• 50% of the first 3 pints of blood
  • 50% of Part A hospice care copayments
  • 50% of Part A skilled nursing care copayments
  • 50% of Part A deductible
  • $5,880 out-of-pocket maximum for 2020

Plan K does not cover:

  • Part B deductible
  • Part B excess charges
  • Emergency coverage outside the U.S.
Medigap Plan L

Medigap Plan L is just like Plan K, except that it covers 75% of costs instead of 50%:

  • 365 extra hospital days beyond Original Medicare
  • 100% of Part A hospital copays
  • 75% of Part B coinsurance
  • 75% of first 3 pints of blood
  • 75% of Part A hospice copayments
  • 75% of skilled nursing care copayments
  • 75% of Part A deductible
  • $2,940 out-of-pocket maximum

Plan L leaves the same gaps open as Plan K, which include:

  • Part B deductible
  • Part B excess charges
  • Emergency coverage outside the U.S.
Medigap Plan M

Medigap Plan M covers:

  • 365 additional hospital days
  • 100% of Part A hospital copayments
  • 100% of Part B coinsurance
  • First 3 pints of blood
  • 100% of Part A hospice coinsurance
  • 100% of skilled nursing facility care coinsurance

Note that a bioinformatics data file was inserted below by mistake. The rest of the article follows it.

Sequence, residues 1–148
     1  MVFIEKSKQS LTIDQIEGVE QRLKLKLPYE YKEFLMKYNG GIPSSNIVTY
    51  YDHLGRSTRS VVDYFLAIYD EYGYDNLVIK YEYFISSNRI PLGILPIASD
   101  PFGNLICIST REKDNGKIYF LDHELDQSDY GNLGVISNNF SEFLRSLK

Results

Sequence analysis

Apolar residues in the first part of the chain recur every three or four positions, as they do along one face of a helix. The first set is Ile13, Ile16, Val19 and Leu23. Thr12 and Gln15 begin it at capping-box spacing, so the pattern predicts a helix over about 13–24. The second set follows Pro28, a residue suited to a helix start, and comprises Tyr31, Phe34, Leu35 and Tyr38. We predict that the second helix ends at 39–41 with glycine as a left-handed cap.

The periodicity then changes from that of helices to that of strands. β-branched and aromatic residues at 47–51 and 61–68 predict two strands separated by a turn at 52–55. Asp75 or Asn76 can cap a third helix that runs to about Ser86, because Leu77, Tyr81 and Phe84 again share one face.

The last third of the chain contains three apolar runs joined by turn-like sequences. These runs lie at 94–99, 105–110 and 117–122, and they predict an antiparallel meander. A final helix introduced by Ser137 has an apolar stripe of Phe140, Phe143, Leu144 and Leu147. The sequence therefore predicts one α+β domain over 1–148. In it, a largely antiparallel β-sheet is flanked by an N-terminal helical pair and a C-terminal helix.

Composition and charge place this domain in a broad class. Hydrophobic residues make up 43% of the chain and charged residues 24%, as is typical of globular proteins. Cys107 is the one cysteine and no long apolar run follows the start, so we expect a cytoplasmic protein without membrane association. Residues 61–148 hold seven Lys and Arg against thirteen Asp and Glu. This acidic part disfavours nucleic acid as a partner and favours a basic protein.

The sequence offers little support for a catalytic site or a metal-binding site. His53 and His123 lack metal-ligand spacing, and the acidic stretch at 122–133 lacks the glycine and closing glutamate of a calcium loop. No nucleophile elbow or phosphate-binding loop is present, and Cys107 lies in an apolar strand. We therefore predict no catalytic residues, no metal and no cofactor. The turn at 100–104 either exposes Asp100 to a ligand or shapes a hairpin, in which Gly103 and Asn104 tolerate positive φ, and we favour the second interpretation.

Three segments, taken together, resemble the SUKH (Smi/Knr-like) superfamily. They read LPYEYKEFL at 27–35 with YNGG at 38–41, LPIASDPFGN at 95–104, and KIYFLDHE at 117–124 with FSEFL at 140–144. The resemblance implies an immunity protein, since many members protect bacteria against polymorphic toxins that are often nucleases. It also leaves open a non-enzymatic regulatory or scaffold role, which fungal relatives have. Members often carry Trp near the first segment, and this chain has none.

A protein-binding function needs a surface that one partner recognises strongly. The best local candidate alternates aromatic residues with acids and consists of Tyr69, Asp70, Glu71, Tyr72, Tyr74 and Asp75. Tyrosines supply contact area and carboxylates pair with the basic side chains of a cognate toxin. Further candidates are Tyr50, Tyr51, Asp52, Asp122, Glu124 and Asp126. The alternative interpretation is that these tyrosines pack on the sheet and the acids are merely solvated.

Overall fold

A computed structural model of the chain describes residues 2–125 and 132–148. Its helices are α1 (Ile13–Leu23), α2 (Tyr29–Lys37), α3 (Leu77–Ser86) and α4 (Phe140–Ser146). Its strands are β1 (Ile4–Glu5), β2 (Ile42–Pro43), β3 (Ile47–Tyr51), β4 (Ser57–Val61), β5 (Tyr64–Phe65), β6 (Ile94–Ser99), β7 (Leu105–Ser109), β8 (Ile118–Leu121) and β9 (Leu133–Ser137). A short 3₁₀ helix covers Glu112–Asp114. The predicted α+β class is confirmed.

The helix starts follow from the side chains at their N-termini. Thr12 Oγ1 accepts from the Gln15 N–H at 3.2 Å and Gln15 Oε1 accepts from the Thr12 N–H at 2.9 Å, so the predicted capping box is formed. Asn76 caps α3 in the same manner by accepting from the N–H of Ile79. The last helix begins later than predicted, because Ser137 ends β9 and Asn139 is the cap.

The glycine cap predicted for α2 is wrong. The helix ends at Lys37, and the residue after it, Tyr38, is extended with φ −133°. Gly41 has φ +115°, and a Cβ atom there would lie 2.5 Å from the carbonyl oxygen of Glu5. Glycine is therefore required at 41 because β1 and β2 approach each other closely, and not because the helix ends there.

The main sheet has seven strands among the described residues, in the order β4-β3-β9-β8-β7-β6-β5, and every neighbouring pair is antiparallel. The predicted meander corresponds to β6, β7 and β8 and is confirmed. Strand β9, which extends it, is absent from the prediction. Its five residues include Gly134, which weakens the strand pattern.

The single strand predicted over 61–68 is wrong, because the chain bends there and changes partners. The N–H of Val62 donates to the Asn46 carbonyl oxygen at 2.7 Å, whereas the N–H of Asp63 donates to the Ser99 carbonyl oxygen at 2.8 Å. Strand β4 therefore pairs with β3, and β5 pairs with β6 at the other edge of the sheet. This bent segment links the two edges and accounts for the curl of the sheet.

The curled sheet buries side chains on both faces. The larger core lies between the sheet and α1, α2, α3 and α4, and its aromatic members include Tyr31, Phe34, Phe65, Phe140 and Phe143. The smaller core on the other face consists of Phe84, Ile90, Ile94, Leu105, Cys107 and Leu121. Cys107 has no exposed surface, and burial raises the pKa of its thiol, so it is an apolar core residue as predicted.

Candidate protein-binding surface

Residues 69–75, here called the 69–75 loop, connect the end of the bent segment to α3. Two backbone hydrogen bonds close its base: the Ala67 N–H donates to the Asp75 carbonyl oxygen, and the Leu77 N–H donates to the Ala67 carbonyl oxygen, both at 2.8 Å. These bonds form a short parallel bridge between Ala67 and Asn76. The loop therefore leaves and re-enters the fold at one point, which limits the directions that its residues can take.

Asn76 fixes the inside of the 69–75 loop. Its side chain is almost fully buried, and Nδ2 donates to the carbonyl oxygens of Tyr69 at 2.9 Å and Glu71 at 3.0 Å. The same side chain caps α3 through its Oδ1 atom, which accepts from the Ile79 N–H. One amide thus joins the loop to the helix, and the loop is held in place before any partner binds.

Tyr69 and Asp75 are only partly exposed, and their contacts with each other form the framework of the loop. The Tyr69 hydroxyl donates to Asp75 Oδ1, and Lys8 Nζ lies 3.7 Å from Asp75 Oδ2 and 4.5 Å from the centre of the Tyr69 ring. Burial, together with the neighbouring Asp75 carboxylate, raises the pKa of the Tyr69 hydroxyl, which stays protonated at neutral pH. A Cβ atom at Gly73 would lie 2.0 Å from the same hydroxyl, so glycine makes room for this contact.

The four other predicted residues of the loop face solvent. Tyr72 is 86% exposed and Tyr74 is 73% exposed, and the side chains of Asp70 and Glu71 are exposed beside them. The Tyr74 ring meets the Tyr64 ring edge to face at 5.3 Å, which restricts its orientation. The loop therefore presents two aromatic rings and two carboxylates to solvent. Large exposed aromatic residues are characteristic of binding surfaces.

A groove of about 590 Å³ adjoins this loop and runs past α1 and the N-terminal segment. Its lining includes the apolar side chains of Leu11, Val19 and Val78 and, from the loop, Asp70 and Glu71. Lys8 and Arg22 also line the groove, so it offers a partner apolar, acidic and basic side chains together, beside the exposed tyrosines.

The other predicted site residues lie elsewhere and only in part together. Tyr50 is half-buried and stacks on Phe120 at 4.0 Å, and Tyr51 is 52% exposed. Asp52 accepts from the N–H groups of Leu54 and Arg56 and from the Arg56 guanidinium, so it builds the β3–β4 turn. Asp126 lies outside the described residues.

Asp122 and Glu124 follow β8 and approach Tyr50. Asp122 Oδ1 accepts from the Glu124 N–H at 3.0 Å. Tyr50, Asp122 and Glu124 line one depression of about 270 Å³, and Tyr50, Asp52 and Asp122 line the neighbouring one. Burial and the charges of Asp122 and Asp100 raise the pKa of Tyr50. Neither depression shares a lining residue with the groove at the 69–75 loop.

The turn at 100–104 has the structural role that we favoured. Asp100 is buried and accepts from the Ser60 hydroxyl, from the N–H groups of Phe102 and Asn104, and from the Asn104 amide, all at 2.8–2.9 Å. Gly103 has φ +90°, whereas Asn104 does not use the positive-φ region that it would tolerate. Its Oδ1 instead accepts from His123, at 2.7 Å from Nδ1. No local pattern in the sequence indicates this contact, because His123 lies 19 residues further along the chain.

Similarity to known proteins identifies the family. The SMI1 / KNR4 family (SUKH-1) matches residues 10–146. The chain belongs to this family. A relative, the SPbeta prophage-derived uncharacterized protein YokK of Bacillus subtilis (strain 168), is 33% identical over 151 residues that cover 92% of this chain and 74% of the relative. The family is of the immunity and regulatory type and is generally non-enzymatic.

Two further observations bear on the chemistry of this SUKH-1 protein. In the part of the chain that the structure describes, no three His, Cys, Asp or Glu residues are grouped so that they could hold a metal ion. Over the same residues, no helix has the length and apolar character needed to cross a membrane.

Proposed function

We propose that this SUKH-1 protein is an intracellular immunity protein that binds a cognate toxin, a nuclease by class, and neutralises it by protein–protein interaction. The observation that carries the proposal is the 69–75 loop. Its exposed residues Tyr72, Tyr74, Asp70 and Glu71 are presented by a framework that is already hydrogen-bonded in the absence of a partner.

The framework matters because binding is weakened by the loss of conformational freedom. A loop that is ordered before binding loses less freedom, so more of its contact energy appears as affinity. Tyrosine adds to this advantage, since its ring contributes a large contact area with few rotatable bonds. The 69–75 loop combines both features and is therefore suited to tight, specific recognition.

• 50% of Part A deductible
  • Emergency coverage outside the United States

Plan M does not cover:

  • Part B deductible
  • Part B excess charges
Medigap Plan N

Plan N is unique in that it allows for small copayments, like private health insurance. Specifically, Plan N covers:

  • 365 extra hospital days
  • 100% of Part A hospital copayments
  • Part B coinsurance – you may pay a $20 copay for doctor visits and $50 copay for emergency room visits (this is waived if you are admitted to the hospital)
  • First 3 pints of blood
  • 100% of Part A hospice copayments
  • 100% of skilled nursing care copayments
  • 100% of Part A deductible
  • Emergency coverage outside the U.S.

Plan N does not cover:

  • Part B deductible
  • Part B excess charges

As mentioned earlier, the premiums for Medigap policies are based on the level of coverage for your Plan. Plan F is the most expensive, and Plan A is the least expensive.

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What is the Best Medicare Supplement Plan?

To enroll in Medigap, you must be eligible for, and enrolled in, Original Medicare.

The answer to the question “What is the best Medigap Plan?” can be broken down into two parts:

  • Which Standardized Plan (A through N) best fits your needs and budget?
  • Which private insurance company is a good fit for you?

In other words, you want to pick the benefits that best fit your needs first. From there, you  should look for a company that offers the plans you desire in your specific state, and that also has a high financial strength rating and an attractive price.  When it comes time to deciding which insurance company you should choose, ask yourself:

  • Do they offer the Medigap Plan you want in your state?
  • Are they financially sound?
  • Are their premiums affordable?
  • Have they received good reviews?